Some years ago I asked about the experience outside the Treasury of those in the top half dozen layers of the Treasury. I found out that very few had served anywhere but the Treasury; they had no experience outside the Treasury. Some had had experience in one or two other ministries but very few had any experience of the big wide world outside. It seems to me that the Treasury is a big white tower, and those within it never go outside.

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It seems to have a veto on everything. I have a feeling that there ought to be a Minister to fight in Cabinet for those who need tax credits.

Baroness Hollis of Heigham: I find this all very odd. The noble Lord, Lord Swinfen, addressed his remarks in the context of the Chancellor of the Exchequer's Budgets. The latter have raised child benefit to levels unprecedented in terms of the real increase for children--for example, from next April it will be £15 for the first child and £10 for the second child. We are also speaking about a Chancellor of the Exchequer who has underwritten a minimum income guarantee for pensioners and disabled people alike which, again, is unprecedented.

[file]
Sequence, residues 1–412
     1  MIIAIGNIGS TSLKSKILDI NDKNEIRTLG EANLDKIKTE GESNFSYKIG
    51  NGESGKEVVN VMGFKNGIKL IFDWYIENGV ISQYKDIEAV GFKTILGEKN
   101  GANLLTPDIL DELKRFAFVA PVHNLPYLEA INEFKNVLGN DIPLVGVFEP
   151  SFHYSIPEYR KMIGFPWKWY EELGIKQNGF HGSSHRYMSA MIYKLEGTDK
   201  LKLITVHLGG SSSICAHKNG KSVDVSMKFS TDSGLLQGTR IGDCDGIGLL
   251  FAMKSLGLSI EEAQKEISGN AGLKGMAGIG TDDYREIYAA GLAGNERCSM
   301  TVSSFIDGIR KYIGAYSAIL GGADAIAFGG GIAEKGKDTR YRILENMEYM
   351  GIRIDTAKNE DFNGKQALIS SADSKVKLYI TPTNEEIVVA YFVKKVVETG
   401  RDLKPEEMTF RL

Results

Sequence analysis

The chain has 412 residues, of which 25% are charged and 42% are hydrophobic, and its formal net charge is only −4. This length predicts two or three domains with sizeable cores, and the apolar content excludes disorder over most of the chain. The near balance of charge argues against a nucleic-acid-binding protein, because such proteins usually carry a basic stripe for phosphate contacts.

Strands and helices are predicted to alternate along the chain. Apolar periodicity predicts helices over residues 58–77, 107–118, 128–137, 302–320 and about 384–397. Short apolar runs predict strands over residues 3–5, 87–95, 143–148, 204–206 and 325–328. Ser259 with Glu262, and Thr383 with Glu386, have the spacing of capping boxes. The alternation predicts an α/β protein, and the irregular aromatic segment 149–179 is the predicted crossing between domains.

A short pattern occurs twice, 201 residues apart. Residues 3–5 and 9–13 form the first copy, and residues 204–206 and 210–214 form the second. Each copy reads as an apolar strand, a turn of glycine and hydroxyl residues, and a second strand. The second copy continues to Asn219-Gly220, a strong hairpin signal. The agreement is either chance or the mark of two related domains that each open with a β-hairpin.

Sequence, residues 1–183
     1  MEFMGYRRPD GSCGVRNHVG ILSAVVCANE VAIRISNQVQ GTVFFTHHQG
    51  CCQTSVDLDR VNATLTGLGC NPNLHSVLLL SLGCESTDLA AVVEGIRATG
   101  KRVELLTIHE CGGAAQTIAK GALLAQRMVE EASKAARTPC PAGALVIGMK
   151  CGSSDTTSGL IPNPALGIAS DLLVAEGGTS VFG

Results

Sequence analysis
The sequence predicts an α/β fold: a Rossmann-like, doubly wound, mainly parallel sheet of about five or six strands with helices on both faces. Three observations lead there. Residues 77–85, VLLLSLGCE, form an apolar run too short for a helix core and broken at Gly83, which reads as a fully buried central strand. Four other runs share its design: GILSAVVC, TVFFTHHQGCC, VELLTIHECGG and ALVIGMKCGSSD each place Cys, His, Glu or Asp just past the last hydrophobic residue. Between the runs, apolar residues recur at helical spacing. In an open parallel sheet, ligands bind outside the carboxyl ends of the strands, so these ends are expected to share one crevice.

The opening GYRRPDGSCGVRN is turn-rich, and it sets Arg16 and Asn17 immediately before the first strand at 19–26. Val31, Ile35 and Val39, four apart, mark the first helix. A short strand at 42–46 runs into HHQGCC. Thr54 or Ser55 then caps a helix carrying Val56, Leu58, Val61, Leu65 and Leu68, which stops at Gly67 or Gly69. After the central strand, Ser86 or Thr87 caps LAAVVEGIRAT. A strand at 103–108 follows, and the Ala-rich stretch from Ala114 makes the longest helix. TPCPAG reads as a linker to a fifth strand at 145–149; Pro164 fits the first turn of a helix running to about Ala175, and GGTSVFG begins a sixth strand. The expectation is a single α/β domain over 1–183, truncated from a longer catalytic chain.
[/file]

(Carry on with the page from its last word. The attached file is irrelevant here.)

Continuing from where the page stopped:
Lord Swinfen: The Minister will realise that Chancellors of the Exchequer come and go, as, indeed, do governments. We are trying to put legislation in place which may well be there for many years and for many parliaments.

Baroness Hollis of Heigham: It is perfectly true that in the foreseeable future--indeed, I hope that it will be a long-distant future--there may be a Conservative government who do not protect the interests of disabled people or poor people in work. I would regret that very much. From what he said, I am sure that the noble Lord would also regret such a catastrophe. However, in the meantime we have a Labour Government and a Labour Chancellor of the Exchequer who are committed to ensuring that public expenditure is used appropriately to encourage people into work and bring them out of isolation into the mainstream of life.